My mother has always been the craftiest person I know. In the seventies, she crocheted sweaters and made beaded macramé holders for our potted plants. In the eighties, much to my embarrassment, she sewed some of my school clothes. (Remember that plaid material with metallic threads running through it? Yeah, me too.) Today, she stencils, sponge-paints, and whips up sofa cushions and curtains that would make Martha Stewart weep with envy.
Sadly, all this crafty talent almost completely passed me by. I dutifully labored over the cross-stitch and needlepoint kits my mother gave me for birthdays and Christmases, but I never had much luck with them, and as an adult, I tell anyone who asks that I'm "just not good at making things." The only problem is that G seems to have inherited the crafting gene from her grandmother, and guess who she turns to for help in realizing her artistic visions?
On that note, a couple of weeks ago G decided that she wanted to be a skunk for Halloween, and she begged me to please please please please please make a skunk costume for her. I weakly suggested that perhaps she should ask Grammy to help, because Mom is a bit of a dolt when it comes to costume creation, but G, who is still convinced that I can do anything, insisted that she wanted me to do it.
So, I managed to find directions for a skunk costume in a Halloween magazine, and today we went to buy the faux fur to make the skunk tail. While I was getting the fabric measured, the lady offered to let me have the bolt end for half price, and I said yes, thinking that perhaps G would like to turn it into a dress-up stole or a teddy-bear blanket or something.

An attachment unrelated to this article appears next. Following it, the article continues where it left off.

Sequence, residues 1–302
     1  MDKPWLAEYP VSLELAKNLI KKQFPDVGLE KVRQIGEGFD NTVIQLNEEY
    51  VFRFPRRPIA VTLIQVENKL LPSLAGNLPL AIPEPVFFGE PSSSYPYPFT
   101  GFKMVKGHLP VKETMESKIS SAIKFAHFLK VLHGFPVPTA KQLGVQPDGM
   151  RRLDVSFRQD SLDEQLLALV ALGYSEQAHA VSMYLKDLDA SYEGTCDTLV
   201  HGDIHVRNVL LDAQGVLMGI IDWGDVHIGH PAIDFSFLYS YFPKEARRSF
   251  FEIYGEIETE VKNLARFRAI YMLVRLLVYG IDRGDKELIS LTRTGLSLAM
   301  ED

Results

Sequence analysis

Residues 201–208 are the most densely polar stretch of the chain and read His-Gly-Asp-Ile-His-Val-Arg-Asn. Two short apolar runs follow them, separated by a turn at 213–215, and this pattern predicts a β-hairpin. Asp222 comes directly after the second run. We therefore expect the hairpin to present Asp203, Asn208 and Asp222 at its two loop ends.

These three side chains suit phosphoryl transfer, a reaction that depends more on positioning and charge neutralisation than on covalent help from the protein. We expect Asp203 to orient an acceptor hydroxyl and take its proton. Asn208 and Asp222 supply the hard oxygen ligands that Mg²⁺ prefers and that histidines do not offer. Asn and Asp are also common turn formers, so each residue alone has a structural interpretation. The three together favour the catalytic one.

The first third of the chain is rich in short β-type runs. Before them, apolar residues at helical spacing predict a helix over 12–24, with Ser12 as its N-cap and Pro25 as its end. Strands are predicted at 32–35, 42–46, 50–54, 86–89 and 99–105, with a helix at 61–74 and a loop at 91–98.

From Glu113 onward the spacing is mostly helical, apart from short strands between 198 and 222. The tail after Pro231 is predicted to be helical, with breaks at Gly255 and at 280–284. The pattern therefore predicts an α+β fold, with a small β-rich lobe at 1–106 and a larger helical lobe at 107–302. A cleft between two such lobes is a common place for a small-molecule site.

"Oh, cool!" G said as soon as she saw it. "Now we can make a stuffed animal!"
"Um, I don't know about that," I said. "Stuffed animals mean sewing, and I can't really sew."
"Yes, you can," said G, in a don't-be-silly voice. "You sewed up Delilah's belly when she got a hole in it." (Delilah is a Webkinz cocker spaniel, BTW, not some desperate neighbor who can't afford medical care.)
"Sewing up a rip in a seam is one thing," I said, "but a whole stuffed animal ..."
"Pleeeeeeeeease!" said G.
Well, with the pleading and the big brown eyes fixed trustingly on me, there wasn't much I could do but suck it up, try to remember my mother's long-ago hand-sewing lessons, and try to make a stuffed animal to G's design. And much to my amazement, I didn't totally fail. Here, with a face by G and a body sewn by me, is Miss Kitty:
My mother would be proud!